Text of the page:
I was a newspaper reporter for a number of years. Most of my colleagues were human beings first, citizens second, and reporters third, which is just about how I think it should be. But some folks I worked with, or was in competition with, were what a television newsman friend of mine called blankety-blank extentions of blankety-blank microphones. He had little routines he did to illustrate the concept. For example:
Man standing in earthquake rubble sticks microphone in woman's face: Excuse me, Mrs. Jones. I understand that's your husband's dead hand sticking out of that pile of charred wood that used to be your house. Will you tell our viewers what you're feeling right now? (said with barely disguised pleasure at being first on the scene)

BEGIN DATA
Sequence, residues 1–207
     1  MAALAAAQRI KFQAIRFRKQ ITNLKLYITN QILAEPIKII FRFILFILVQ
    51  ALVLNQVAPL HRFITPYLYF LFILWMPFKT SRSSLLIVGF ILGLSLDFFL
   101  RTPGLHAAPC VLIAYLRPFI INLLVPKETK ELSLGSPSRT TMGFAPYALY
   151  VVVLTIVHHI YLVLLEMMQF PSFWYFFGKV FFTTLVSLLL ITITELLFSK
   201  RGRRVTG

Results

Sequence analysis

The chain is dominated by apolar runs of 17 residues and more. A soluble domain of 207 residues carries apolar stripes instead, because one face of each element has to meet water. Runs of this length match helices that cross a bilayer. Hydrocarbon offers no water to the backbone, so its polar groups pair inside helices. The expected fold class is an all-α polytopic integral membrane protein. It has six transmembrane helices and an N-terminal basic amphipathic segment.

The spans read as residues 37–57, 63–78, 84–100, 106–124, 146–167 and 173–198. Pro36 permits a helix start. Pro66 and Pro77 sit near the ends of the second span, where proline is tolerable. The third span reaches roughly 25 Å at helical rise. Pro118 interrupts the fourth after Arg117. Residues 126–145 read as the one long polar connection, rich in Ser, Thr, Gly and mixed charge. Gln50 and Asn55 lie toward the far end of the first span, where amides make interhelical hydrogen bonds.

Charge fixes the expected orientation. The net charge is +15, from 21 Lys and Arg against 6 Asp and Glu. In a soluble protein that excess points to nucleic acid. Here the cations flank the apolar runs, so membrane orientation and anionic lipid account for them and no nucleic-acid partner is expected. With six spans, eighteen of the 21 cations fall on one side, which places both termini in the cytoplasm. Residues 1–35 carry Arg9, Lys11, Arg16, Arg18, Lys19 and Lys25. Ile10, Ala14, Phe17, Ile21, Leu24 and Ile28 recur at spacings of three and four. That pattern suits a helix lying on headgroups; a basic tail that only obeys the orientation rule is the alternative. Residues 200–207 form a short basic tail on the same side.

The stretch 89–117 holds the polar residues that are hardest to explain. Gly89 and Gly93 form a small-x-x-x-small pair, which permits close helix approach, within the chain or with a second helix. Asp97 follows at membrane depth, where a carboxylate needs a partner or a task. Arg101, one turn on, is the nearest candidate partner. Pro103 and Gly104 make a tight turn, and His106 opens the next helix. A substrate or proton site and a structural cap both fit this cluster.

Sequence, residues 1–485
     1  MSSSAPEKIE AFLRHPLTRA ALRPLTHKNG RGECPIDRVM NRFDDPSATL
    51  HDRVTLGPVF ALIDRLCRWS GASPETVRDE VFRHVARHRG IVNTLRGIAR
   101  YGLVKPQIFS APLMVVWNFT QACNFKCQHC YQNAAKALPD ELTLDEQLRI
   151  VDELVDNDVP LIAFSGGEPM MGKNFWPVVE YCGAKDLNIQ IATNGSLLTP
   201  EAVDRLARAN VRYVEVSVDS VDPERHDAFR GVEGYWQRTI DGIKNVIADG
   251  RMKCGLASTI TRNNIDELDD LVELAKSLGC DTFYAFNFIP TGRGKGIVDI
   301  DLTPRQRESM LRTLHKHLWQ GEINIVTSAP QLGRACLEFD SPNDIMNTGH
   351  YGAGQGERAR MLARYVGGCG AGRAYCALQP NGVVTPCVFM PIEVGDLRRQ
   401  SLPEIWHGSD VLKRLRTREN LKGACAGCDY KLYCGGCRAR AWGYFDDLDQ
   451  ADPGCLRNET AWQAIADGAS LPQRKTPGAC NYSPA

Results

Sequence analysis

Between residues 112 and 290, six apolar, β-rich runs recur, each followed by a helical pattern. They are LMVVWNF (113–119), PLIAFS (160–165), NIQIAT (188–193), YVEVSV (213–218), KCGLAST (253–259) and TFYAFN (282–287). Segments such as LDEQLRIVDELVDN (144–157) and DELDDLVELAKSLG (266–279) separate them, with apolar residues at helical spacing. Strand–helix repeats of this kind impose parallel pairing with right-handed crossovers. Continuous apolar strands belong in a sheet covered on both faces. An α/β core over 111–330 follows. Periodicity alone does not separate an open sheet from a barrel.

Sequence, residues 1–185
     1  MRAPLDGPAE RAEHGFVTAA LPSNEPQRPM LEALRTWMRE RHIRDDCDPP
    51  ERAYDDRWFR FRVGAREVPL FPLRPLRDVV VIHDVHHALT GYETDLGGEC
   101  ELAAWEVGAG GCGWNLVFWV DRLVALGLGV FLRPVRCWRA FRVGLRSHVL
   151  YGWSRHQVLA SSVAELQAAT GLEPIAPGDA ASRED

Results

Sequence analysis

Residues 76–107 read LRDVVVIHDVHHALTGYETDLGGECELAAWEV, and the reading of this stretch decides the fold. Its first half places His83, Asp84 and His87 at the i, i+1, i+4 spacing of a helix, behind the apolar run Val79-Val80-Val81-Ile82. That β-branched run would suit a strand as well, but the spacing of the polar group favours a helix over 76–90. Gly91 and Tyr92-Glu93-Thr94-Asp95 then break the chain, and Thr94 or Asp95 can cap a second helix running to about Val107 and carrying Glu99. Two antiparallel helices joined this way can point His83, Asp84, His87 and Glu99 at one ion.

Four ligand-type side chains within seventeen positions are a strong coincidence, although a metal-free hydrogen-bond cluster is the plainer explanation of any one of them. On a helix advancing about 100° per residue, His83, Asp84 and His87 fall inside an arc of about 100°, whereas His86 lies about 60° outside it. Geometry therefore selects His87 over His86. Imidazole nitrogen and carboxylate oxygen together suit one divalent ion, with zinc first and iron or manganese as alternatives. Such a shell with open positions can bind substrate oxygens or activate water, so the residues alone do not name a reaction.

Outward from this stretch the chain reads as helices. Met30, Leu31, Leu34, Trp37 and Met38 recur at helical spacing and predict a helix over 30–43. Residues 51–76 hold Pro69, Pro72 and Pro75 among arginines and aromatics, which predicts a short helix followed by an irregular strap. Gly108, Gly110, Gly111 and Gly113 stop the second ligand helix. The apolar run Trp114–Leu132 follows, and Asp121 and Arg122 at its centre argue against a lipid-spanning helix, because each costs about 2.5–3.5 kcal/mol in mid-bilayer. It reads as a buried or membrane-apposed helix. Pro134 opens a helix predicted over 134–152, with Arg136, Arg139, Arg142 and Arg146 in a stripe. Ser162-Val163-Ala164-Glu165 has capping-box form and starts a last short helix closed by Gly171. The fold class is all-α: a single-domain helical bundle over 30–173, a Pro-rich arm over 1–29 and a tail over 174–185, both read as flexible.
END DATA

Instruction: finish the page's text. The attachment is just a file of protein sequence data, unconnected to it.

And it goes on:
It matters what you think journalism is supposed to be. (Or blogging, for that matter.) People who are just 'out for a story' can not only forget that people have feelings, they can forget that publishing information out of season can get somebody killed. (Or, worse yet, some of them know that, but figure it's not their business to care.)
Please read True Journalism v. That Which Definitely Isn't, at Expat Yank, for more on this topic.
Update: This post at SFO Mom has a lighter tone (as well it might, considering it's about focus and not endangerment), but it does look at an aspect of the 'what is journalism supposed to be?' question.
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